*The Zero Mercury Working Group (ZMWG) is an international coalition of over 95 public interest environmental and health non-governmental organizations from more than 50 countries from around the world formed in 2005 by the European Environmental Bureau and the Mercury Policy Project.  ZMWG strives for zero supply, demand, and emissions of mercury from all anthropogenic sources, with the goal of reducing mercury in the global environment to a minimum.  Our mission is to advocate and support the adoption and implementation of a legally binding instrument which contains mandatory obligations to eliminate where feasible, and otherwise minimize, the global supply and trade of mercury, the global demand for mercury, anthropogenic releases of mercury to the environment, and human and wildlife exposure to mercury.

Home Events

Events
Show: ArrowAllArrowEvents organized by EEB/ZMWG on mercuryArrowAll events

DateName of eventPlaceCategory
January 2018
26.01 - 12.02.2018CALL FOR TENDER: EEB/ZMWG WEBSITE RESTRUCTURINGBrussels Events organized by EEB/ZMWG on mercury
September 2017
24.09 - 29.09.2017First Conference of the Parties to the Minamata Convention on MercuryGeneva, SwitzerlandAll events
22.09.2017Global Mercury Partnership - 8th Partnership Advisory Group Geneva, SwitzerlandAll events
May 2017
24.05 - 25.05.2017EEB/ZMWG African Regional Conference on Phasing out mercury added productsNairobi, KenyaEvents organized by EEB/ZMWG on mercury
23.05 - 24.05.2017EEB/ZMWG African Regional Forum on ASGM Nairobi, KenyaEvents organized by EEB/ZMWG on mercury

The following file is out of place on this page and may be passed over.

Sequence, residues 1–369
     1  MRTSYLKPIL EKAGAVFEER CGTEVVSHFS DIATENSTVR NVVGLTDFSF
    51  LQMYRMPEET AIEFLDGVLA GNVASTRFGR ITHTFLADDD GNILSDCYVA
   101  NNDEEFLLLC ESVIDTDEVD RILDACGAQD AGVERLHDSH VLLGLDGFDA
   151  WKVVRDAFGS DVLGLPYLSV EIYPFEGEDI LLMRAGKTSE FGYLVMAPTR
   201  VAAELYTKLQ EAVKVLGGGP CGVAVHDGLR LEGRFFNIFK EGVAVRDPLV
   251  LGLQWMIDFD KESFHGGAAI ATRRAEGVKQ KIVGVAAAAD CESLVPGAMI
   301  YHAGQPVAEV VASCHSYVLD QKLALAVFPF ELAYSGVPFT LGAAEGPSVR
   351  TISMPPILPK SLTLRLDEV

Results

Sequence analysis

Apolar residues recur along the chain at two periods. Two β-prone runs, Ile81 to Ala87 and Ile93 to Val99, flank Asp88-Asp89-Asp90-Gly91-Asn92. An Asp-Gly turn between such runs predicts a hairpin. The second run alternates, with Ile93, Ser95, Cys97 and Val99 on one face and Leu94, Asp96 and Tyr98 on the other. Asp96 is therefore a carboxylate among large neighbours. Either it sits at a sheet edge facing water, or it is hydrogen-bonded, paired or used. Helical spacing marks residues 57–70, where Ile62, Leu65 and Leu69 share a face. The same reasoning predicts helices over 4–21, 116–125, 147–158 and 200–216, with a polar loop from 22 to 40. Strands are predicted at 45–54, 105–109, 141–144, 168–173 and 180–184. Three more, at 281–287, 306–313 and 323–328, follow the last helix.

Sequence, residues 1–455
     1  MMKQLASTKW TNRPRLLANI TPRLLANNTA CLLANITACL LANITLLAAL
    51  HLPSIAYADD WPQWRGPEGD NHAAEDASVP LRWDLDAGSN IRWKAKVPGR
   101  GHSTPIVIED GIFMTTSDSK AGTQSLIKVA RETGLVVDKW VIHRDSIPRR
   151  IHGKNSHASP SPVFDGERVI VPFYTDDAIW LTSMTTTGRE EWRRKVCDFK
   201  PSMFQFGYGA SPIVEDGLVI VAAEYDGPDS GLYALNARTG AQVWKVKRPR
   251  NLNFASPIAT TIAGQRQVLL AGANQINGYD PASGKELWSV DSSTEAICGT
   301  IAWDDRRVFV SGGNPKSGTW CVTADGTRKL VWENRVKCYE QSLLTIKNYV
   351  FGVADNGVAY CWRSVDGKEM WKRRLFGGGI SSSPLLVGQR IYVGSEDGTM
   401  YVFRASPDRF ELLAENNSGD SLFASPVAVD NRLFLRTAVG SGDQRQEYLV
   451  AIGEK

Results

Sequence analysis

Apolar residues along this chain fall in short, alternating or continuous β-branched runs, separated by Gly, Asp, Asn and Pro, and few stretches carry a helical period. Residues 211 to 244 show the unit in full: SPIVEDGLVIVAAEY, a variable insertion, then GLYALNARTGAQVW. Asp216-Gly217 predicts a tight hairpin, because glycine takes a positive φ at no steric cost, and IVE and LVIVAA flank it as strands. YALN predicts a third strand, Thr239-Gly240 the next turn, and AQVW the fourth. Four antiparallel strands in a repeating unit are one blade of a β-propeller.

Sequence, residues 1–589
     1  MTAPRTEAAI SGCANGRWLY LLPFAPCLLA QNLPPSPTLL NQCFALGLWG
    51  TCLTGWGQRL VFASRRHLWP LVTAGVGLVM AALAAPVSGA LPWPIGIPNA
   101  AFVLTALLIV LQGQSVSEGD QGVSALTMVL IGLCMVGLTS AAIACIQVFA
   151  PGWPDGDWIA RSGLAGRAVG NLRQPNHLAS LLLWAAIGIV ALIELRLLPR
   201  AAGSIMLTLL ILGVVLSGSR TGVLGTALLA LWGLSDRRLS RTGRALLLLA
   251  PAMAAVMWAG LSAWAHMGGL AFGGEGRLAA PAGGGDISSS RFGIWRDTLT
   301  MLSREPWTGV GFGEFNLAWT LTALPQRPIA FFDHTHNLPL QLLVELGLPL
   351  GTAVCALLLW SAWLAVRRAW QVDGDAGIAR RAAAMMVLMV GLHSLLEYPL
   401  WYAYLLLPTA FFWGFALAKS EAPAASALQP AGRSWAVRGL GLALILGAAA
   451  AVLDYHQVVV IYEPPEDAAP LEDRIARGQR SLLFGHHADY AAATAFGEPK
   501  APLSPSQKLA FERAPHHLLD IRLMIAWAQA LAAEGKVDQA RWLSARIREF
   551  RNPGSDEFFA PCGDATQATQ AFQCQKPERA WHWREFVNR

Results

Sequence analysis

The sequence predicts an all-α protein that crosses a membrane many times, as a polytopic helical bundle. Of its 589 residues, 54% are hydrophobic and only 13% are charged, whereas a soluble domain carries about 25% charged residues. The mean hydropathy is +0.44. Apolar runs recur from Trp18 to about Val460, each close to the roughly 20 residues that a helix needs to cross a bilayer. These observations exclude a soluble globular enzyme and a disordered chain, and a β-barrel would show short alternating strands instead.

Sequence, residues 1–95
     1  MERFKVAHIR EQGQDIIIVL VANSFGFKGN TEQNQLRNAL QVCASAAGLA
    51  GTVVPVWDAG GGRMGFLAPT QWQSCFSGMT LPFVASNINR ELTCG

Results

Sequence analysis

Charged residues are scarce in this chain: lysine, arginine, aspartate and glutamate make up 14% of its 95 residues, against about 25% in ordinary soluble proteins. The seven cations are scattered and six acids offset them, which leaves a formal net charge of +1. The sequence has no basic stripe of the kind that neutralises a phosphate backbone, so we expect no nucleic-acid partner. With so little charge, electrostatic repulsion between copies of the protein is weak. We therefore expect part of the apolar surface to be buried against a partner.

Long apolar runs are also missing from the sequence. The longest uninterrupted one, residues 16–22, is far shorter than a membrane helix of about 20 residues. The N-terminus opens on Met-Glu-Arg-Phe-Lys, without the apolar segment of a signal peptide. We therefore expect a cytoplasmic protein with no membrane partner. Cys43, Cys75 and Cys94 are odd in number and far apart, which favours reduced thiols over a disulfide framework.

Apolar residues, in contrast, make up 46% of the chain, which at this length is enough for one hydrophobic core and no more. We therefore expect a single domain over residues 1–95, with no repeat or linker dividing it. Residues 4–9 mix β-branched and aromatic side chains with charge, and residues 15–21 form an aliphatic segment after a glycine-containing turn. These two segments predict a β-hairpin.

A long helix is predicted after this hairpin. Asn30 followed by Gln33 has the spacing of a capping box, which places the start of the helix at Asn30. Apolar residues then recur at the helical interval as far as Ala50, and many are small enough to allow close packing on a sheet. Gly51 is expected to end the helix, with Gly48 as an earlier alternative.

November 2014
03.11 - 07.11.2014Sixth session of the Intergovernmental negotiating committee on mercury (INC 6)Bangkok, Thailand All events
September 2014
22.09 - 26.09.201417th International Conference on Heavy metals in the Environment (ICHME)Guiyang, ChinaAll events
October 2013
07.10 - 11.10.2013UNEP Diplomatic Conference on MercuryKumamoto, Minamata, JapanAll events
July 2013
28.07 - 02.08.2013International Conference on Mercury as a Global PollutantEdinburgh, ScotlandAll events
January 2013
13.01 - 18.02.2013UNEP INC 5 on MercuryGeneva All events
September 2012
23.09 - 27.09.201216th International Conference on Heavy Metals in the EnvironmentRome, ItalyAll events
June 2012
27.06 - 02.07.2012UNEP Hg 4th Intergovernmental Negotiating Committee (INC4) Punta de l'Este, UruguayAll events
April 2012
11.04 - 13.04.2012UNEP Hg Intersessional work on financial resources and technical and implementation assistanceBudapest, HungaryAll events
February 2012
20.02 - 22.02.201212th Special Session of the UNEP Governing Council/Global Ministerial Environment ForumNairobi, KenyaAll events
18.02 - 19.02.201213th Global Major Groups and Stakeholders Forum (GMGSF-13) Nairobi, KenyaAll events
09.02 - 11.02.2012Workshop on Sustainable ASGM Practices Mataram, IndonesiaAll events
07.02 - 08.02.2012 International Conference on Environmental, Socio-Economic and Health Impacts of Artisanal and Small Scale Mining Malang, IndonesiaAll events
November 2011
05.11 - 06.11.2011UNEP 3rd Partnership Advisory Group (PAG) meetingNairobi, KenyaAll events
October 2011
31.10 - 04.11.2011UNEP Hg Intergovernmental Negotiating Committee (INC3)Nairobi, KenyaAll events
17.10 - 21.10.201110th COP Basel Convention on the Control of Transboundary Movements of Hazardous Wastes and Their DisposalCartagena de Indias, ColombiaAll events